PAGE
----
The year is 2019 and Jake Lawson (Gerard Butler), a genius architect, has just created “Dutch Boy”, a system of satellites designed to control climate on a global scale. However, when he is insubordinate to Congress, he gets fired and replaced by his brother, Max (Jim Sturgess). Three years later, “Dutch Boy” is experiencing malfunctions which are causing strange geographical disasters across the globe. Jake is recruited to delve into what’s happening and soon discovers that this is no accident…


 


People may already be aware that the release of Geostorm has been repeatedly delayed, its initial release date going as far back, in fact, as March 2016. At the time, Warner Bros replaced its release with that of Batman v Superman: Dawn of Justice, and now Geostorm hits cinemas at a time when real-life disasters like hurricanes, floods and earthquakes have caused tragedy in Mexico, Florida, Sierra Leone and, most recently, Puerto Rico. The ill-timing of its release is unfortunate but putting that to one side, it’s important to focus on the movie for what it is – disaster movie? More like disastrous movie.


A child narrator (who we later identify as Jake’s child) narrates as the audience is presented with pictures that are close to home, a montage of global disasters which while fictional (given the film takes place two years into the future), feature all-too-familiar imagery. Subsequently, we meet Jake as he is called to a Senate sub-committee hearing. He acts so defiantly and obnoxiously that, of course, he gets fired – and this the behaviour of one of our 'brilliant scientists.'


The film then proceeds to lather itself up in cliché after cliché, hoping to win the affections of an unthinking audience. There’s the smart kid with the separated parents, the feuding brothers, a resilient girlfriend trying to balance her relationship and her career, a baddie with a scar on his face, and the father and daughter living in a caravan in the idyllic countryside until the father gets called into action. It feels like a inferior copy of Interstellar with precisely none of its emotional depth, and none of its aesthetic investment.


Speaking of lack of investment, do any of the actors actually care about this movie? For Butler, Sturgess, Abbie Cornish, Ed Harris and Andy Garcia, this is just another pay check, which is made painfully obvious by their half-arsed attempts to add feeling into the movie. And who can blame them, to be honest, when their characters are such dull and overdone types? Mind you, Robert Sheehan does seem to at least be trying, but the main saving grace among the performances is Zazie Beetz, the only character with any appeal, and who has way too little screen time as the cheeky ‘Milennial’ Dana. The actress should come out of this unscathed anyway as she plays Domino in Deadpool 2 next.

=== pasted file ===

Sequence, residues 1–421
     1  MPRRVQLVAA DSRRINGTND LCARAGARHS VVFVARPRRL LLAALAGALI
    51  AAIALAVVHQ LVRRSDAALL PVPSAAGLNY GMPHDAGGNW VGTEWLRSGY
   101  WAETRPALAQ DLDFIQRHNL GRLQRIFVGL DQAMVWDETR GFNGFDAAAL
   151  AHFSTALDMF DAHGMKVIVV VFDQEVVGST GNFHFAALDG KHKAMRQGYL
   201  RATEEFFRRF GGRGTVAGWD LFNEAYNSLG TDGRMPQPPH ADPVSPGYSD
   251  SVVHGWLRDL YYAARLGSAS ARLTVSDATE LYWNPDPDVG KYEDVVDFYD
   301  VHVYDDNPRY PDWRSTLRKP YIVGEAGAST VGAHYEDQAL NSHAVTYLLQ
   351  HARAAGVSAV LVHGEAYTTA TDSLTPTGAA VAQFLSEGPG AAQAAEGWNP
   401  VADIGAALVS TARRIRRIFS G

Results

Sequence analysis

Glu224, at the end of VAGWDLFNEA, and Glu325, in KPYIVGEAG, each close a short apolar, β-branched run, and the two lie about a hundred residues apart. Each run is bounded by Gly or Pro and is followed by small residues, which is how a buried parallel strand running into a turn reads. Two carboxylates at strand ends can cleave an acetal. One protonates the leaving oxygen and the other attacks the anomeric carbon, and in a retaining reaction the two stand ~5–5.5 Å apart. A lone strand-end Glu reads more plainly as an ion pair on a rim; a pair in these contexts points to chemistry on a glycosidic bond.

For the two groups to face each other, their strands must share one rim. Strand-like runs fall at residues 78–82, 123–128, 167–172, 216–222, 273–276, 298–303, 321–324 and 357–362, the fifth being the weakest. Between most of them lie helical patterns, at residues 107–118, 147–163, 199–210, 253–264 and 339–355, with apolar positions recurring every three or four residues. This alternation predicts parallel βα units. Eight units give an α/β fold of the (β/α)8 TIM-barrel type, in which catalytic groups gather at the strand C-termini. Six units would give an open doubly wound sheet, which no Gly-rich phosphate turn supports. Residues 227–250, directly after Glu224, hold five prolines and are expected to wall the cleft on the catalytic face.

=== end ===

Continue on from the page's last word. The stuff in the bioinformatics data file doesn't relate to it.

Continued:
Lastly, we have the CGI effects which, one has to accept, are the primary reason people go to see these films (it's to be shown in 3D, IMAX and all that jazz). The USP of this film is it allows you to see what Rio de Janeiro and Afghanistan would look like if they freezed over, imagines tidal waves in the desert, and asks what if Moscow was set on fire (no political motivations there I’m sure…)? But at the end of the day, the effect are not all that spectacular. 2015’s San Andreas, by comparison, looked much better, and on top of that, everything else around Geostorm is just so lazy and bland that it is simply unredeemable.


Leaving this film, you feel nothing. You won’t be angry at its pointlessness, nor feel any sense of excitement or wonder for its duration. Just numbness, nothingness. Do not waste your hard-earned money seeing this film – it is one of the worst of the year.